Christmas Bells

Christmas Bells
Christmas Bells - Blandfordia nobilis

Friday, February 01, 2013

Oriental Liliums in flower (between the storms)

I have written about these Liliums previously - (at about the same dates) - so they are quite consistent in their flowering times, regardless of drought, heat waves or rain.

The local native Orchids are smarter. They are simply not flowering at present. Their strategy makes sense to me, to protect one's precious flowers, energy and genetic material, rather than risk exhausting the plant, or wasting one's seed (unlike Onan who famously "spilled his seed on the ground").

Back to the Liliums. *** I planted the large bulbs of these lovely plants outside my front door so that I would have to walk past them, in order to get in and out of the house. That is because they are gloriously perfumed, and I am a sucker for plants with perfumes, smells, and odours. My sense of smell is not very good (Violets for example simply do not mean much to me, whereas some people, especially ladies, melt at the scent of Violets). Give me a strongly odoriforous Prostanthera ("Mint Bush") or wild and sour Boronia microphylla leaves any time.
But I do love these Liliums.

A small clump of Liliums

From memory, this was an Oriental Lilium,
but looking at the Bryan H Tonkin catalogue
it is most likely to be a Lilium auratum x speciosum hybrid.

The orange-red "Anthers" are just maturing.

This anther has not yet matured.
It still has a hard coating
and you can clearly see
the depression (fold) around which
the anther opens,
as the pollen grains prepare to "dehisce"
This process is called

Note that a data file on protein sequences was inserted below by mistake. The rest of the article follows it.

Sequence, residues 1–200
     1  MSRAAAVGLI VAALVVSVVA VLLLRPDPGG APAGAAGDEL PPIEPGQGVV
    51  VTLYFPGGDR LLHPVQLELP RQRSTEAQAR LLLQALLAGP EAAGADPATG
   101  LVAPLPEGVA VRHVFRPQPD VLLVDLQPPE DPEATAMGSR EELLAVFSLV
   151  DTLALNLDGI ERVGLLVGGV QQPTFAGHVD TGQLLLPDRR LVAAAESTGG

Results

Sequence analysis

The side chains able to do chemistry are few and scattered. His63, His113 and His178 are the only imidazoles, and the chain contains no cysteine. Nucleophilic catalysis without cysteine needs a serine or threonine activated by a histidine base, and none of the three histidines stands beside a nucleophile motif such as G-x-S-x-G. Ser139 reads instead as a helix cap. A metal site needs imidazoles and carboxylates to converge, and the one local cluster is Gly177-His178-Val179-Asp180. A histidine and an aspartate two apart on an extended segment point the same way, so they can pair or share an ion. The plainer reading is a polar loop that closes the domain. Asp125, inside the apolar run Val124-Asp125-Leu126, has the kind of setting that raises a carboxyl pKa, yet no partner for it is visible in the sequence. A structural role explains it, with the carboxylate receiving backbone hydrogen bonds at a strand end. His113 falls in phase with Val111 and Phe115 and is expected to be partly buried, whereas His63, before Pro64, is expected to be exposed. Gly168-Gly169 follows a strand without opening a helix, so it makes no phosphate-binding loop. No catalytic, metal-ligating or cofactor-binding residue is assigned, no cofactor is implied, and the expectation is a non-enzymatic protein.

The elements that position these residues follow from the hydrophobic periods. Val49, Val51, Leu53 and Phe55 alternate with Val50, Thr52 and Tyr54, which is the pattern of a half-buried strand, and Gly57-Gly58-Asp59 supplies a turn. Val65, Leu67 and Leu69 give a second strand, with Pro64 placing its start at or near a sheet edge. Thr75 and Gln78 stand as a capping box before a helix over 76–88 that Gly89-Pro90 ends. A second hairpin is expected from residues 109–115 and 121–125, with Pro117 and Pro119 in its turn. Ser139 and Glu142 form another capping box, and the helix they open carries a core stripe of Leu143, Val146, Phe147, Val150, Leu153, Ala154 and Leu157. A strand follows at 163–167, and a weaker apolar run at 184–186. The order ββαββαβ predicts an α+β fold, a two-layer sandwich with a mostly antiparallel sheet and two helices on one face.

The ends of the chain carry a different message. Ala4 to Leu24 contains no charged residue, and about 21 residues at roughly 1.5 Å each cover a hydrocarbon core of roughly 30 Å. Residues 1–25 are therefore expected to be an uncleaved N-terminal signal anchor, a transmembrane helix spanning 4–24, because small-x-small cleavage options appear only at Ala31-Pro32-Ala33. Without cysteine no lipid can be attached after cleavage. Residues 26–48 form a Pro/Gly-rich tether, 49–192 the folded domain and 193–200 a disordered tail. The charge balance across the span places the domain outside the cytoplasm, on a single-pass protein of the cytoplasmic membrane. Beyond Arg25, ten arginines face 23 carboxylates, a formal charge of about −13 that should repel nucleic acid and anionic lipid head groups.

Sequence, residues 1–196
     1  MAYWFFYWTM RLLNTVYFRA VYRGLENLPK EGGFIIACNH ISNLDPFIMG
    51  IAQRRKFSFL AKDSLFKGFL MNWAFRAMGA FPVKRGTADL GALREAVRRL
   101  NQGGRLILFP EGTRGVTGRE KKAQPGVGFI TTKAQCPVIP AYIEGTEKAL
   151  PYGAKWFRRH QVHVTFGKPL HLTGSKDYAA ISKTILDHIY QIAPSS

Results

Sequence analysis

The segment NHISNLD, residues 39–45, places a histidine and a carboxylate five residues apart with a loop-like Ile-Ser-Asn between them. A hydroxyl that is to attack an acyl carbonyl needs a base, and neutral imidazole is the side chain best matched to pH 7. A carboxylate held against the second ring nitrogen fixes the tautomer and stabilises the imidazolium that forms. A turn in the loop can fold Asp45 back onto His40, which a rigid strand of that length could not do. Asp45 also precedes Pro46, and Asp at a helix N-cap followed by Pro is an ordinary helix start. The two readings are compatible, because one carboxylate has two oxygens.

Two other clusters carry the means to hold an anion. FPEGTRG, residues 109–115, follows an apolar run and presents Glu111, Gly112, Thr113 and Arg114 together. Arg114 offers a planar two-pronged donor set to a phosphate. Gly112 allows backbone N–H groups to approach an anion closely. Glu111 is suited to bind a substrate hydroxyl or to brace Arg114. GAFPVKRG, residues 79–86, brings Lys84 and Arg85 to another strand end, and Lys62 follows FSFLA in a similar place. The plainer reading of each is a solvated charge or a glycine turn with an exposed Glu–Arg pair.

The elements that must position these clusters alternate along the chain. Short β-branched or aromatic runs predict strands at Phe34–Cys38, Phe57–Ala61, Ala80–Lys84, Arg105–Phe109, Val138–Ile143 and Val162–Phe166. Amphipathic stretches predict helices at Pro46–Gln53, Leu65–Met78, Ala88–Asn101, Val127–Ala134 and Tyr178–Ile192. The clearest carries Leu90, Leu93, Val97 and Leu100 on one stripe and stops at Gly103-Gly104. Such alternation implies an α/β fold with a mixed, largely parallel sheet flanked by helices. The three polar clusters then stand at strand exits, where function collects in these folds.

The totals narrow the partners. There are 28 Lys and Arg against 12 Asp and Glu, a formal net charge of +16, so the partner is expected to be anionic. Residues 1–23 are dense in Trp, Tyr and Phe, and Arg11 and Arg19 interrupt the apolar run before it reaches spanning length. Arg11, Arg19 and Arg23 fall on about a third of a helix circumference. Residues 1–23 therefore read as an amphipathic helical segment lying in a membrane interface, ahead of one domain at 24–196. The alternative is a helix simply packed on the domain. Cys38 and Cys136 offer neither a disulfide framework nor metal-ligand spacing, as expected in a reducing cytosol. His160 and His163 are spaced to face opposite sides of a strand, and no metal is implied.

"longitudinal dehiscence" - see image.

Here you can see some anthers splitting
and hence revealing the mature pollen grains.
My mother would always
cut the anthers from any
Lilium flowers
she had picked for the house,
because the pollen
would stain her table cloths.

This is Lilium "Stargazer" I believe
I mentioned the storms in the heading of this post.
We had a 'significant rainfall event" over the last weekend. 177 mm over three days.
But today we had thunder and heavy rain after lunchtime. 17 mm of rain, so far.
Robertson farmers are saying they are pleased that the weather has returned to how it "ought to be".

*** For the benefit of my blogging colleague and well-known linguistic pedant, Martin, I cannot bring myself to use the plural Latin form  "Lilia" and so I stick with the anglicised plural "liliums".


Flabmeister said...

Sir, I have been misrepresented! I have no problem with saying Liliums. Some years ago I agreed with Gareth Evans when he enquired if the members sitting opposite him should be referred to as a pack of ba.

I am only a linguistic peasant - sorry, pedant - when trying to educate taxonomists. And I confess that your opening comments about the adherents of Onan already had me thinking in their direction.


Denis Wilson said...

Well, we agree on Taxonomists.
I am afraid your Evans quote is lost on me.
Perhaps best not to explain here, though.
Sorry it has taken so long to raise to your Beans/Peas bait.